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In function main() {...}

1) #include header file string.h

2) I prototype my own file, call it strcpy:

**char *strcpy(char *strSource , const char *dest);**

3) I also wish to use the "real" strlen function in string.h in main().

4) In another compilation file I have my version of strcpy.

Question: How can I get the linker to choose my version of strcpy instead of the prototype in string.h?

enter code here
#include <conio.h>
#include <string.h>
char *strcpy(char *source , const char *dest); 
void main()
char *s, *d;

#include <stdio.h>
char *strcpy(char *strDestination, const char *strSource)
char *ptr;
printf("made it!");
return ptr;
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The title and tag don't suggest the same language. Please change it. –  Mahesh May 29 '12 at 20:10
Can I ask why you want to do this? Seems a little nefarious. :P I mean why not just name your strcpy something different, i.e. myStrcpy(); –  gbtimmon May 29 '12 at 20:10
Namespace issues aside... const char * means a pointer to chars that you cannot change. Why would your dest be a const char*?? –  HostileFork May 29 '12 at 20:55
The linker cares nothing about the declaration! Headers are not libraries. Libraries are not headers. –  William Pursell May 29 '12 at 20:56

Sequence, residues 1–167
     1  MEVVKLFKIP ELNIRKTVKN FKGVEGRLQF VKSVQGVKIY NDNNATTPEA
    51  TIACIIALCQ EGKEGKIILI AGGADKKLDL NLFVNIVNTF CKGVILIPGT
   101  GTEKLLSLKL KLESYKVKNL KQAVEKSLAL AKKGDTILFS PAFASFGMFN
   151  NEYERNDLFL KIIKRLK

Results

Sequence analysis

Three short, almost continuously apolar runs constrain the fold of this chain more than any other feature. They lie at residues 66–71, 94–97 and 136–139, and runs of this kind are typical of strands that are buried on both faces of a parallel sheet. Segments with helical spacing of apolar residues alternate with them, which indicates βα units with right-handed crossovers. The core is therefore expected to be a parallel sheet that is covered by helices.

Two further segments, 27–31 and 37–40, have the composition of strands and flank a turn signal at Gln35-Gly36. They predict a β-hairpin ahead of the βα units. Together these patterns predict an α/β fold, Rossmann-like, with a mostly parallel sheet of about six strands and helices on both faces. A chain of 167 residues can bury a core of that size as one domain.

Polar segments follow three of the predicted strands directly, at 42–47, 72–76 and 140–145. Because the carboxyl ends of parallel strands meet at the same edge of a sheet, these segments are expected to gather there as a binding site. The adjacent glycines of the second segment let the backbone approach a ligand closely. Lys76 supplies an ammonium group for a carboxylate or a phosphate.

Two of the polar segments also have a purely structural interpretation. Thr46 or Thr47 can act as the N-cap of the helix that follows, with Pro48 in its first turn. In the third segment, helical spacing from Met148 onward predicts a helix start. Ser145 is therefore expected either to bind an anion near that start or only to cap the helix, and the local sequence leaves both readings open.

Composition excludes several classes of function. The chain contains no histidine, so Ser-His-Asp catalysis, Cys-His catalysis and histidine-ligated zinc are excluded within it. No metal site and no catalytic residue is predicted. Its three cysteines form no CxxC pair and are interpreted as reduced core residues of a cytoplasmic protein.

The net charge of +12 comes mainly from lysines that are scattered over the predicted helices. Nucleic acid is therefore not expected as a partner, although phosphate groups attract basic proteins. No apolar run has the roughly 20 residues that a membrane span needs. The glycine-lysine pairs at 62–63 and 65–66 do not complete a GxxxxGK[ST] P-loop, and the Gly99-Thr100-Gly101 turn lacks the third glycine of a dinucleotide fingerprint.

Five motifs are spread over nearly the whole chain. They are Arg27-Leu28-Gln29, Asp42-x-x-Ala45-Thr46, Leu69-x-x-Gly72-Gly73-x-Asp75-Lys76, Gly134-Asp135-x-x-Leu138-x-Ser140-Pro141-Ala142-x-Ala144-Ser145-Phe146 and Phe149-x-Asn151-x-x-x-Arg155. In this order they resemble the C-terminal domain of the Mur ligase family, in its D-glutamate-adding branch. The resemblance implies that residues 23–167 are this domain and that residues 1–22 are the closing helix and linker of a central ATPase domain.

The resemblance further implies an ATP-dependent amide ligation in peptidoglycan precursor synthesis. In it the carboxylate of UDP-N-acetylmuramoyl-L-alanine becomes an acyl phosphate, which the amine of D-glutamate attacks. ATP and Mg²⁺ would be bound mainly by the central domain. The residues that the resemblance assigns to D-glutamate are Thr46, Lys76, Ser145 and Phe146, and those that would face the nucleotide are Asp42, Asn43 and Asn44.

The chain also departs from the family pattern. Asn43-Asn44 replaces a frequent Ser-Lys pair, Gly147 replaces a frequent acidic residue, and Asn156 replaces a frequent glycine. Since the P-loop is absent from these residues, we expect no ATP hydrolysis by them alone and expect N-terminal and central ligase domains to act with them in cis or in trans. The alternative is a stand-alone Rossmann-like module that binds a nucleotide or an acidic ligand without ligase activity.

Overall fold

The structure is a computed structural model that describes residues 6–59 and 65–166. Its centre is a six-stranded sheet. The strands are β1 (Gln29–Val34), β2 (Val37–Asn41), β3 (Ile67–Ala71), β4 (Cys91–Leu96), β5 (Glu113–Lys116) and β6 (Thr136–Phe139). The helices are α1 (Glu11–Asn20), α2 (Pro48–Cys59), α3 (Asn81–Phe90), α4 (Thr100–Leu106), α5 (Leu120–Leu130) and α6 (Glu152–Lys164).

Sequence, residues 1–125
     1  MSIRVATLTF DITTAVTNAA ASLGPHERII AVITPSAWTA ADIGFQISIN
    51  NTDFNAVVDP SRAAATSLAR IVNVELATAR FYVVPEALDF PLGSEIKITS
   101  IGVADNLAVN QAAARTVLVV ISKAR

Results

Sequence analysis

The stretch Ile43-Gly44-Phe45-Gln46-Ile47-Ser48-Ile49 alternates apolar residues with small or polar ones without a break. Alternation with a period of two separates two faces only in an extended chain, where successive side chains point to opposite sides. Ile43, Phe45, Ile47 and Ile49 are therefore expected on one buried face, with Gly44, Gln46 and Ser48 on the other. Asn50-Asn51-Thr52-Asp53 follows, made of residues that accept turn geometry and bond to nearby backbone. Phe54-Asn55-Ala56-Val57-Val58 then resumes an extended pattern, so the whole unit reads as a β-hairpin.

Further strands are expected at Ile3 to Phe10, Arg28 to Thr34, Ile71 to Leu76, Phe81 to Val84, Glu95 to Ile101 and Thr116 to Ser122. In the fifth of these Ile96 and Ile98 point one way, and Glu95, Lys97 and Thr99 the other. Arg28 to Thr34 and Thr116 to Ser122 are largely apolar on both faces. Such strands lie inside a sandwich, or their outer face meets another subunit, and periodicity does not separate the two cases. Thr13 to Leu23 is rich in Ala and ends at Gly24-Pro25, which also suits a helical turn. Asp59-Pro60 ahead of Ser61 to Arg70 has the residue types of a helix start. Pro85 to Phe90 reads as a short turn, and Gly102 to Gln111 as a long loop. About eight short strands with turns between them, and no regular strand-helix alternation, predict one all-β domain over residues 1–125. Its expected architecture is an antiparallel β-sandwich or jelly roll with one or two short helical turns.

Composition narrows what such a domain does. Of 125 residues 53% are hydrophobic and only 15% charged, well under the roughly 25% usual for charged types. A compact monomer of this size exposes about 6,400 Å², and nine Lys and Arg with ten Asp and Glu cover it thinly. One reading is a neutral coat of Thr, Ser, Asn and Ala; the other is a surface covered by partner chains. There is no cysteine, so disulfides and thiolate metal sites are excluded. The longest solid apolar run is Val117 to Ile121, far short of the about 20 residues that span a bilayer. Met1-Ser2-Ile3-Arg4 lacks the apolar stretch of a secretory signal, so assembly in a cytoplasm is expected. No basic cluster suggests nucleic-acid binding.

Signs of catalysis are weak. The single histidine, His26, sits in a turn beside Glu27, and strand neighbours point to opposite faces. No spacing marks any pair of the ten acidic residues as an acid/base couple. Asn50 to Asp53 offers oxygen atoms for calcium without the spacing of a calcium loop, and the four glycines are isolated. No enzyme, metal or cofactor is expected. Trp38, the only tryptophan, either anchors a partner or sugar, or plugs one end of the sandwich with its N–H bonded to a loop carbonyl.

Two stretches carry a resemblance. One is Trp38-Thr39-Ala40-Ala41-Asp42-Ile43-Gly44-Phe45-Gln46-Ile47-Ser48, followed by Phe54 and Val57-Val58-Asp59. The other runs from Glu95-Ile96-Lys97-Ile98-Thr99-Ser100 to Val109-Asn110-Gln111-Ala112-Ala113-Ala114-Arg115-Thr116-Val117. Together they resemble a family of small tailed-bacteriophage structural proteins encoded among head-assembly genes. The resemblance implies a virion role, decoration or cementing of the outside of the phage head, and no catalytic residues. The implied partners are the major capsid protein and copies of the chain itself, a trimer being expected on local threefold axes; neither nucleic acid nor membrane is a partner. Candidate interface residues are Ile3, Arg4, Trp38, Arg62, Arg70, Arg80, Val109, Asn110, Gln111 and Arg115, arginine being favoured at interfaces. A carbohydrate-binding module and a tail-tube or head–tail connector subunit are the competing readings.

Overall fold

@HostileFork: He used the wrong order of arguments, should be char * strcpy ( char * destination, const char * source );. –  Zeta May 29 '12 at 20:57

2 Answers 2

up vote 4 down vote accepted

You can't do that in C. That's one of the reasons why C++ introduces namespaces.

The only thing you can do is use a non-conflicting name for your own functions.

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Great answer ! ;-) –  aleroot May 29 '12 at 21:03
Thanks. Using non-conflicting names is obvious, but are you sure "you can't do that in C"? My question is not whether it is standard, the question is: can it be done. –  Robert Massagli May 29 '12 at 21:16
You can abuse the preprocessor to use namespaces, but it's ugly. –  Park Young-Bae May 29 '12 at 21:18
rather not use namespaces because it's not pure C. –  Robert Massagli May 29 '12 at 21:21

This is not a standard thing to do, and I'm pretty sure that if you can do it at all, you will have to read the manual for your linker. And if you try to port this, you will need to read the manual for each linker for each platform to which you try to port this.

The more usual way to do things is to write your own functions with your own names. If you need to hook functionality in a standard library, you would get the source for that library and build your own version.

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Thanks for the comment and suggestion. No, I don't want to get into that much work! –  Robert Massagli May 29 '12 at 21:33

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